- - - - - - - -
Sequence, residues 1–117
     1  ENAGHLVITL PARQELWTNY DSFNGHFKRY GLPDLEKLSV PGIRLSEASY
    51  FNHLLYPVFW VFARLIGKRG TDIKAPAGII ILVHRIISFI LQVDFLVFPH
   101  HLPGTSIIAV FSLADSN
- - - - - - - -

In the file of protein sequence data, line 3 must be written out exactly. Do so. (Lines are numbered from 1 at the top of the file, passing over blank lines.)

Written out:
    51  FNHLLYPVFW VFARLIGKRG TDIKAPAGII ILVHRIISFI LQVDFLVFPH